A Real Driver's Car on an Everyman's Budget

2009 Subaru Impreza WRX
2009 Subaru Impreza WRX (Photo courtesy of Subaru)

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By Warren Brown
Washington Post Staff Writer
Sunday, February 1, 2009

CORNWALL, N.Y. -- Getting it right in the car business is no easy thing. Cars are emotional. Emotions vary with externalities. And externalities -- fuel pricing and availability, driving climate, credit conditions and government regulations -- are wildly variable.

Making the right car for the right customer at the right price -- the price at which that customer will buy and feel good about buying -- is, thus, something of a magic trick. In the case of its 2009 Impreza WRX sedan with navigation, Subaru is to be congratulated for pulling one off.

The Impreza, on sale since the early 1990s, has always been an ugly duckling. But its appearance was a quirk that sold, especially when Subaru hopped it up with WRX (World Rally Championship) performance in its later years.

Early Impreza WRX cars lacked aids and creature comforts such as onboard navigation and premium sound systems. But they were wonderfully fast and nimble -- probably the best performance cars you could get for the money.

And because they were reasonably fuel-efficient, the early Impreza WRX models were perfect for buyers who valued speed and handling, but not at the social price of being condemned for owning and driving a gas-guzzler.

Still, Subaru thought it could do more to improve the Impreza WRX's appeal. So, last year, the company brought out a softer version, more mainstream in external design and, unfortunately, more mainstream in performance.

Reshaping the Impreza WRX's body proved controversial enough. Hard-core fans, who actually follow World Rally Championship races and who sometimes participate in them, hated the change. People who wanted an Impreza WRX badge, and nothing else, loved the new look.

But changing the car from a hot, hard runner into something more akin to the performance a Toyota Corolla economy trotter turned off both driving enthusiasts and image wimps.

But it looks like Subaru got it exactly right for 2009. External appearance is quirky with attitude -- ugly for people who regard mainstream family sedan styling as the epitome of automotive design, but edgy enough to attract those who value funk. The front end looks like a triple-lipped bug with an air-intake slit below the front bumper, another above the bumper and a functional air scoop atop the hood.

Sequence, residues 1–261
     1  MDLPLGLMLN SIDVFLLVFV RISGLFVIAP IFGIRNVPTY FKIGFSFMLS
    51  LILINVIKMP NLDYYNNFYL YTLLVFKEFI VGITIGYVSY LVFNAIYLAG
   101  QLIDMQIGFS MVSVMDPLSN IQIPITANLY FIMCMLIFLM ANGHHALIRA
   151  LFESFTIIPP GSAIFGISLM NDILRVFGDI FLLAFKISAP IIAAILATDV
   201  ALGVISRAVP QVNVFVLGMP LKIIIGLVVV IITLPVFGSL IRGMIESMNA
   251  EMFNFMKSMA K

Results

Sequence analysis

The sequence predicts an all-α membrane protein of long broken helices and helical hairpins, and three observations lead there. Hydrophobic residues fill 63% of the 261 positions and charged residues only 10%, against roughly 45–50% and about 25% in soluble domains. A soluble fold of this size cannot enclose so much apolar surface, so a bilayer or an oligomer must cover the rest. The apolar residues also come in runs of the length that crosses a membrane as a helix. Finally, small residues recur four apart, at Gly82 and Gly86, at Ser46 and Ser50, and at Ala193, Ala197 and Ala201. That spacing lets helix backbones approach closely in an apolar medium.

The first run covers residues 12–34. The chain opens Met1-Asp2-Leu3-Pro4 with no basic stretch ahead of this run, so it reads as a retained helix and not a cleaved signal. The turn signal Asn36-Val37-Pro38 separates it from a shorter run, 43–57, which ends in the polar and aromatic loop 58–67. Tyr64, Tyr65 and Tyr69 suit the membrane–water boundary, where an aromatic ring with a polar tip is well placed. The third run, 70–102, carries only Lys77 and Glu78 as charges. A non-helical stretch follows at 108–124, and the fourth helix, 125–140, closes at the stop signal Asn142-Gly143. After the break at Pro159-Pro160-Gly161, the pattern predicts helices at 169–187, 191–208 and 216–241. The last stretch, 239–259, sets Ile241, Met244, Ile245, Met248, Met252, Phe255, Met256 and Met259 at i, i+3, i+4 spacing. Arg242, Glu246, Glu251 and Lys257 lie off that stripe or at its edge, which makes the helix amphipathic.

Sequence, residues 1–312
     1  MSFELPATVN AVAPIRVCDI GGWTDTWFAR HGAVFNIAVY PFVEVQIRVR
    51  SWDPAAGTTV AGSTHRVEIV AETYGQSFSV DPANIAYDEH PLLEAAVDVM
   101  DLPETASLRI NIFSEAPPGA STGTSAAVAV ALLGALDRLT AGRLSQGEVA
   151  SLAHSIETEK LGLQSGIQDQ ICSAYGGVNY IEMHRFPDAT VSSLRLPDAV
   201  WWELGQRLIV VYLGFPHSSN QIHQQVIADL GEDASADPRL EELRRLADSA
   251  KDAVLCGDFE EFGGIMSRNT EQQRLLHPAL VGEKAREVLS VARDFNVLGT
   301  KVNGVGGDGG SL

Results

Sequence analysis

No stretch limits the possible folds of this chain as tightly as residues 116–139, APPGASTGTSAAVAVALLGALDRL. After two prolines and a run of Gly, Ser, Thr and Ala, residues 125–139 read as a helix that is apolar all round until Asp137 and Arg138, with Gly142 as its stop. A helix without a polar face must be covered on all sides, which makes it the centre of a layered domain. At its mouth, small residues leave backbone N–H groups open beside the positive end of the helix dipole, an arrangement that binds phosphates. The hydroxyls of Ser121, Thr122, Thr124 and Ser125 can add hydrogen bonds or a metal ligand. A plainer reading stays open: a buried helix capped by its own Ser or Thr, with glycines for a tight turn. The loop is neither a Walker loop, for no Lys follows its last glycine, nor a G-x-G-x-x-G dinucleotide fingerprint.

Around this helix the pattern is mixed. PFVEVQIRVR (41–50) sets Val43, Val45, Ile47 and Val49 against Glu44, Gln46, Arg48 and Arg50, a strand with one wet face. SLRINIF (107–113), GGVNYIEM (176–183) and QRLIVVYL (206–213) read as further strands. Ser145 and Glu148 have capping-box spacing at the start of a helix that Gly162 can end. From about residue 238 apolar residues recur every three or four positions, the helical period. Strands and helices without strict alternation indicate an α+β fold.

The side panel lines just beneath the windows -- "hip lines" in auto industry parlance -- slant upward. Viewed from the front in conjunction with the triple-lipped face, the look is delightfully menacing, sort of like the Impreza WRX is smiling in preparation for consuming something lower in the food chain.

The cabin has been gentrified. The new Impreza WRX looks and feels more like a car than a go-cart. Onboard navigation is now available; and there's even seat heat.

But all of that would have been for naught had Subaru not reinstalled the Impreza WRX's performance DNA, its original hot-rod genome. Equipped with a flat four-cylinder, 2.5-liter, turbocharged, 265-horsepower engine and a suspension to handle it all, this baby can run!

The new Impreza WRX gets nearly 25 miles per gallon on the highway and about 18 miles per gallon in the city. That's nothing to cheer about, especially not in a car that requires premium unleaded fuel. But at today's low pump prices, it won't drive you into bankruptcy. But it will drive you.

The 310-mile run here from my house in Northern Virginia was a total joy, even with the complication of intermittent snow and ice on mountain roads. The all-wheel-drive system in the Impreza WRX handled the mess with ease. Straightaway runs on dry roads were nothing short of exhilarating.

An Impreza WRX with decent looks, a comfortable interior and genuine Impreza WRX performance, available at a base price below $25,000 -- yeah, Subaru has a winner here.

ON WHEELS WITH WARREN BROWN Listen from noon to 1 p.m. Tuesdays on WMET World Radio (1160 AM) or http://www.wmet1160.com.


© 2009 The Washington Post Company

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